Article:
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Andrew Jones MP supports Guide Dogs’ Talking Buses campaign

ndrew Jones MP talks buses with the Guide Dogs’ Transport Policy Officer, John Welsman and guide dog Sorrel
ndrew Jones MP talks buses with the Guide Dogs’ Transport Policy Officer, John Welsman and guide dog Sorrel

Local MP Andrew Jones pledged his support for a campaign to make bus travel easier and safer for blind and partially sighted passengers, and other sensory impaired people, at an event in Westminster organised by Guide Dogs.

Mr Jones signed up to support Guide Dogs’ Talking Buses campaign to get audible and visual (AV) information systems – which clearly tell passengers the next stop and final destination – installed on new buses in Harrogate and Knaresborough, and across Britain. The system is already a requirement for UK trains and trams, so Guide Dogs are encouraging local Councils and bus operators to roll out this system to their existing vehicles.

Mr Jones said: “Using buses independently can be daunting for disabled and elderly people who fear being stranded at the wrong bus stop. Without clear audible and visual signposting on buses, many vulnerable users are left feeling anxious and so don’t use the bus as often as they would like.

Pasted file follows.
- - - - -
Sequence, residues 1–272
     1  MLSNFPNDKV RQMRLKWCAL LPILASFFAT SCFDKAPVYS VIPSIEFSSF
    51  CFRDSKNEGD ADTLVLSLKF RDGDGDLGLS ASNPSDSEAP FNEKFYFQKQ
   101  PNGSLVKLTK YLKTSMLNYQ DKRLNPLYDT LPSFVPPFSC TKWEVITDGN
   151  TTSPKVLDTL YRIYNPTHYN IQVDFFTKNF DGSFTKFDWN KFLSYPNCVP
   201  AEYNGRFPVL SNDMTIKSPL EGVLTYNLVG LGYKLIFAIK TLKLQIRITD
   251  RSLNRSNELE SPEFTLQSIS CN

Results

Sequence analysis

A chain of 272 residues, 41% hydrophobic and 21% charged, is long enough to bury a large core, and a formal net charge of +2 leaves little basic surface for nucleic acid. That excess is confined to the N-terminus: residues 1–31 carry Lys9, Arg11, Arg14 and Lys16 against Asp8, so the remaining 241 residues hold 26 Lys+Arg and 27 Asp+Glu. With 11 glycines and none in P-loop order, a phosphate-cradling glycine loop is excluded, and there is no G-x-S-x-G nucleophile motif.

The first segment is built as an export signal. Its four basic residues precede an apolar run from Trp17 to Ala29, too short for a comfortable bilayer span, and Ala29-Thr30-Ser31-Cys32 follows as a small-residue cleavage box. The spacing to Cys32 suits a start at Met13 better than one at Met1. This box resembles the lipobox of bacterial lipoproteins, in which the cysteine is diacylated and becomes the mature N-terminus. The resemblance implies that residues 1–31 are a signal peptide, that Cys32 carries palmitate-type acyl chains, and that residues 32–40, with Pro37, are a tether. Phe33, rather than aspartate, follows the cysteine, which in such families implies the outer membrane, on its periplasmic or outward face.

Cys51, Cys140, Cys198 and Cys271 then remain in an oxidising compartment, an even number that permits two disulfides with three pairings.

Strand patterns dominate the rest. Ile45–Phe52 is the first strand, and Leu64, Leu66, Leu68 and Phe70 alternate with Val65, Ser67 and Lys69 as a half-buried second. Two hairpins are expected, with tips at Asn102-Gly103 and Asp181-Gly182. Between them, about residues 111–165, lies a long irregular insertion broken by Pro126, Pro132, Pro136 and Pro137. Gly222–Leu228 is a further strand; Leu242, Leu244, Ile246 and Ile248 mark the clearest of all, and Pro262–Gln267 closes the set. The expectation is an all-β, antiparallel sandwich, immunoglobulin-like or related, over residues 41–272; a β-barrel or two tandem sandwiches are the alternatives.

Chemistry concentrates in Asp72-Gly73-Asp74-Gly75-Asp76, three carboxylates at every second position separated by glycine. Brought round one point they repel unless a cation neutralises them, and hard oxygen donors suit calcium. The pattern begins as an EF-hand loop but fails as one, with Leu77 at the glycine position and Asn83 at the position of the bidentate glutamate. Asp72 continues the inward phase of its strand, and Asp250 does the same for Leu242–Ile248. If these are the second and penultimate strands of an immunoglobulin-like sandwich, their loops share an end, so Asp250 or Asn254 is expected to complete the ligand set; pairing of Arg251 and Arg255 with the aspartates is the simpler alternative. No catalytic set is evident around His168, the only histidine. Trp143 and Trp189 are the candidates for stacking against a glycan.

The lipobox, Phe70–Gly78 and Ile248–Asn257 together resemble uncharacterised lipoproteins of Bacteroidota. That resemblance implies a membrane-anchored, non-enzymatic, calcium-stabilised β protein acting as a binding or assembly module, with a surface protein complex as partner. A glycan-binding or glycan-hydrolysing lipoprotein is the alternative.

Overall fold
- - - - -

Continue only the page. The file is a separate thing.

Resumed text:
“Trains and trams already use an audible and visual information system so it makes sense to roll this scheme out to buses. This would improve the quality and access of the bus service for local people who would be more inclined to use the service as a result.”

In a YouGov survey, 66 per cent of respondents said they thought it would make bus travel easier if there were on-board announcements about where the bus is going and what stop is coming up.

Sue Sharp, Guide Dogs’ Head of Public Policy and Campaigns, says: “A lack of information undermines the confidence and independence of vulnerable people who rely on buses to get around. Blind and partially sighted people, for example, cannot see where they are, and others including wheelchair users who face backwards on vehicles may not easily be able to identify their stop. These people risk ending up at the wrong stop.

“As well as disabled people, Talking Buses would improve travel for all passengers – including visitors to an area – hopefully encouraging more to leave their cars at home.”

Guide Dogs’ Talking Buses campaign has the support of 35 national disability organisations including Mencap, RNID, Campaign for Better Transport and Leonard Cheshire Disability. People can find out more about Guide Dogs’ Talking Buses campaign, and lend their own voices, by visiting


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